For several reasons, children’s books and comics are excellent for language practice. First, they use simple language, which is ideal for learners. Second, their plots especially cater to young ones, so children will be entertained and motivated to understand the plot. Third, they typically contain ample illustrations, which can guide you if you get lost. In addition to providing a great bonding experience, reading aloud to your child emphasizes the communicative aspect of language, and thus is particularly effective in improving language skills.
Mariana Llanos is a bilingual author of children’s books whom we highly recommend.

5: Listen to Spanish-language music — and sing along to it
Music is a great way to both improve language skills and expand your child’s cultural horizons. The Spanish language has a rich musical legacy, and Spanish-language music is both wildly popular and widely available. Therefore, it’s easy to find music to listen to around the house. Create Spanish-only playlists on your iPod, and listen to Spanish radio stations. Let music serve as a cultural liaison: explore the music of Argentina or other Spanish-speaking countries, and talk with your child about how it differs from other countries’ music. And don’t forget to sing along — that way, you’ll get in some valuable speaking practice, too!
Family-friendly Spanish song recommendation: Noche de Ronda (Agustín Lara)
All the Spanish songs from Speekee series 1 are available here on iTunes – loved by children (and some adults too!)

6: Be social — both online and offline

Photo via Pixabay

Photo via Pixabay

At its core, the purpose of language is to communicate with others, and children pick up vocabulary remarkably fast when they’re using the language to talk to friends. If possible, try to arrange a Spanish-language playdate with other like-minded families, so that your children have chance to really use the skills they’ve been practicing at home.

When this isn’t possible, the Internet offers several resources that can of use. Websites like Conversation Exchange allow you to find a native-speaking conversation partner in your area, or even a long-distance penpal if there’s nobody nearby. And, of course, Speekee, which affords children the opportunity of Spanish-language interaction with peers in an online setting, also highlight the importance of communication in learning a language. By combining learning languages with making friends, it’s sure to push your child’s Spanish skills into overdrive.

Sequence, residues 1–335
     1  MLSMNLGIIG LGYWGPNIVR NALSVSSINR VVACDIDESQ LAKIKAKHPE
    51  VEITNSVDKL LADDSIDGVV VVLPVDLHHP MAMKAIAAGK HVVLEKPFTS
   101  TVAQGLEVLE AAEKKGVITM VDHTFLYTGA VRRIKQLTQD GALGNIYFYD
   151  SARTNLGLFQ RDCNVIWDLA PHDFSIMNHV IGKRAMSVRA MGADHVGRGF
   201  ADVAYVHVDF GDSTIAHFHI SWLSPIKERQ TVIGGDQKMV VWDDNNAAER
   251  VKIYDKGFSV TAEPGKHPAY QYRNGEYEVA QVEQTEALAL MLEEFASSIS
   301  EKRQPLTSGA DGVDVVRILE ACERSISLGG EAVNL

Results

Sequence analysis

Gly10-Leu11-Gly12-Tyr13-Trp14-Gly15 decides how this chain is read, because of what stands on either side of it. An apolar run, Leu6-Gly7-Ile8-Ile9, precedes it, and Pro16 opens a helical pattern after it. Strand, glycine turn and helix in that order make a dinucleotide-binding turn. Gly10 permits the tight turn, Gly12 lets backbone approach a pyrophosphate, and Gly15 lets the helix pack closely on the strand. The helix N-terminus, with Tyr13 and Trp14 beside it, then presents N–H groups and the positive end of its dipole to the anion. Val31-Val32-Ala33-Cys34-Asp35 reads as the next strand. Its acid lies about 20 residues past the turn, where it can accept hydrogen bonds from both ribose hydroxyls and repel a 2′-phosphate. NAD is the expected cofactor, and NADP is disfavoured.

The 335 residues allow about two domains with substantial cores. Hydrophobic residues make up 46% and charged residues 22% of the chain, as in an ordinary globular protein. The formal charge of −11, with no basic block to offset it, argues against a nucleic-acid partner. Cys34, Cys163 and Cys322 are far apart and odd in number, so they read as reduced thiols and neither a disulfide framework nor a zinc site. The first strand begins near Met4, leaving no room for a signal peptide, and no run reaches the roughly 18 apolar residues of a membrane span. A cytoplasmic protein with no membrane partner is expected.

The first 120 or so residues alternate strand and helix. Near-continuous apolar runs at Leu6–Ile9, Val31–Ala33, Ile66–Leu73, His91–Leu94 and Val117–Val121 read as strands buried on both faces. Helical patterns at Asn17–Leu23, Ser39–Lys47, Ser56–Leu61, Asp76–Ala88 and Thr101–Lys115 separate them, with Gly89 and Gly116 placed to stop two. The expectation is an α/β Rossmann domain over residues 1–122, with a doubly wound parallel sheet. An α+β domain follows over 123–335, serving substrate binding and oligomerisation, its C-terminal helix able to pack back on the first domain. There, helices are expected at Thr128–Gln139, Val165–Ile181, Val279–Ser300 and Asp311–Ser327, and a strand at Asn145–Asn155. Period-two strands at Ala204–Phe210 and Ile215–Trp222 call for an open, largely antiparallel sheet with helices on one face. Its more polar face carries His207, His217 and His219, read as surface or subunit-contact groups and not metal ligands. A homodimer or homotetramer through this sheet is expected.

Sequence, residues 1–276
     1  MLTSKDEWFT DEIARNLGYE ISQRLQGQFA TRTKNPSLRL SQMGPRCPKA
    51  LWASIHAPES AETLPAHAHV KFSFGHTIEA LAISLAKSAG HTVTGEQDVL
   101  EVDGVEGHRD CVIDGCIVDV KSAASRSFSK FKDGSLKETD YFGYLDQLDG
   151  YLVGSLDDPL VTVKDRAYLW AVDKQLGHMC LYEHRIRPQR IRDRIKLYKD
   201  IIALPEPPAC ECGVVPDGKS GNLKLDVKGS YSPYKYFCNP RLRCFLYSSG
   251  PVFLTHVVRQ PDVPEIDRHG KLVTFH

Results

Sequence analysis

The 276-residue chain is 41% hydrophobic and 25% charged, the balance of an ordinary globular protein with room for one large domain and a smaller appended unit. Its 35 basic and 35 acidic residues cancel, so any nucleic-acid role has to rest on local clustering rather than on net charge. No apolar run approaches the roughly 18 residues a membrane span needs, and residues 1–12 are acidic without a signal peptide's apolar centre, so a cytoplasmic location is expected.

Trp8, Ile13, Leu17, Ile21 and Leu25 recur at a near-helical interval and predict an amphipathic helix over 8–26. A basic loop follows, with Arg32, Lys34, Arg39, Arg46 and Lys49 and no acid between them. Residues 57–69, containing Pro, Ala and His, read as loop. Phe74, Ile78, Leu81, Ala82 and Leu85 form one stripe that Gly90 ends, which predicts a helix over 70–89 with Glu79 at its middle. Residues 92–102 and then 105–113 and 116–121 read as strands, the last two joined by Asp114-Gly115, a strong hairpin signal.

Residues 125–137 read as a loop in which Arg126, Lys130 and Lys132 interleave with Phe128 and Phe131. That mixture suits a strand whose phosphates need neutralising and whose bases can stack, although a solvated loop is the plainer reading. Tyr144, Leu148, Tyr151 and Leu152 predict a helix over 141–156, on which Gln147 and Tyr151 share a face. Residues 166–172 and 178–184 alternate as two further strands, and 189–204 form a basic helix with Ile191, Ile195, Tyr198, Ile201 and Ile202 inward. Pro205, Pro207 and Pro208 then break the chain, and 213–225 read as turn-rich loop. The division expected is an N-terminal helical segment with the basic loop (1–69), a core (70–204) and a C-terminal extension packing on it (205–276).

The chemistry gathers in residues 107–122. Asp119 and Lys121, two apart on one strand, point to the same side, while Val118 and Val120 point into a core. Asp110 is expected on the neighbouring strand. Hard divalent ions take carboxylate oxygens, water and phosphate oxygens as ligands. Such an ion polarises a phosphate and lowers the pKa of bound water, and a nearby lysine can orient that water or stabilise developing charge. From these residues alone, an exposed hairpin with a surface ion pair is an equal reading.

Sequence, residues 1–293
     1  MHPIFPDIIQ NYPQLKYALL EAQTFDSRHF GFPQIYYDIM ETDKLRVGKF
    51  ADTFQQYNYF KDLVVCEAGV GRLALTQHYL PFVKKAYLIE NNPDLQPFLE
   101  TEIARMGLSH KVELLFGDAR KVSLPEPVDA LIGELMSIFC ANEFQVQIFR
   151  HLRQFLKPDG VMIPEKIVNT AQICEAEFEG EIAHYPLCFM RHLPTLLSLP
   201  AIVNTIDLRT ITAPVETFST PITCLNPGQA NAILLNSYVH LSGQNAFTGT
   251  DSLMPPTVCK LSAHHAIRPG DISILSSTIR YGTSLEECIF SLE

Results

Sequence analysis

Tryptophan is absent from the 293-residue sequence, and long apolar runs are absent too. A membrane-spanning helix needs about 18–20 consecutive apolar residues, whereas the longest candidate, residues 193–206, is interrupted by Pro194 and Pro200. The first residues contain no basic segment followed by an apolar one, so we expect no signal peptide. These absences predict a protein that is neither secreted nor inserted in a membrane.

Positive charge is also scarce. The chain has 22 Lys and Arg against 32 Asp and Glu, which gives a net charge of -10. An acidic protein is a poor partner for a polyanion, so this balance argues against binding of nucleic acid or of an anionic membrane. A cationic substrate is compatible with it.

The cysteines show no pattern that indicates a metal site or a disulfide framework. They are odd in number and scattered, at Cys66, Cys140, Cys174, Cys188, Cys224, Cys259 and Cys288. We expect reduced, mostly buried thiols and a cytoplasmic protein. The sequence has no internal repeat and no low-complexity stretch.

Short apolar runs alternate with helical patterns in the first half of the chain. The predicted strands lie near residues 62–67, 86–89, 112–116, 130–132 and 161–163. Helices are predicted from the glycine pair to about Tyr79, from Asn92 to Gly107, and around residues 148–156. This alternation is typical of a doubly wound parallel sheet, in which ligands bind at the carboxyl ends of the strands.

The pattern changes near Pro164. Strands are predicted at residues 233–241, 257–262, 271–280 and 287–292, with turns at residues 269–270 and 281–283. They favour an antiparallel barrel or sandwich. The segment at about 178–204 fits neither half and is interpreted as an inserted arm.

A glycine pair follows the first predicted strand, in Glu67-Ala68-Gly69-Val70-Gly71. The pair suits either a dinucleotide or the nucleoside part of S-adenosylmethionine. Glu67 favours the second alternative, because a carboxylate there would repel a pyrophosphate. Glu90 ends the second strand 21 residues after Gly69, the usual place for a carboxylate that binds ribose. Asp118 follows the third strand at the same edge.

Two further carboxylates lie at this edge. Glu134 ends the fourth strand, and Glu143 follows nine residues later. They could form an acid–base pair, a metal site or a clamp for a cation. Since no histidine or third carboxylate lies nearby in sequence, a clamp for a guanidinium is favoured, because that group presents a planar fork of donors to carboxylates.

7: Schedule Spanish into your routine
A sure-fire way to nurture your child’s Spanish skills is to incorporate Spanish into your routine. Between school, work, and other commitments, this can be hard to do, so really make an effort to set aside some time for Spanish every day (or at least every week). For instance, make Friday nights your family’s Mexican dinner night, in which you cook a Mexican dish and speak only in Spanish. Watch a Spanish-language movie together every Sunday, or read a Spanish-language book together for 15 minutes every night before bed. This way, you’ll be constantly engaging with the language, thus creating an optimal environment for language learning.

Indeed, the key to learning Spanish is not just having access to the language around the house — it involves actually utilizing the language in real-life contexts. Children can learn languages stunningly fast, but only if they feel like there’s a reason to do so.

With the above tips, you’ll be giving your child a reason to learn Spanish: they’ll learn new things, connect with a new culture, and make new friends, all while developing invaluable language skills. Though it requires some time and effort, it’s worth it in the end: bilingualism expands our worldview and connects us with different people; it’s one of the greatest gifts you can give your child.

PracticeSpan (1)

What are your favorite ways to practice Spanish around the house? Let us know — leave a comment!

Note from Jim: Another highly entertaining and informative read. Thank you Paul!

See you next time readers,


Jim Porter is a co-founder of Speekee®, home of the most comprehensive Spanish learning program for children ever to appear online

Jim began his Spanish learning journey in 1990. He has been a language teacher since 1994 and he lives in sunny southern Spain with his two bilingual children. Loves it! More…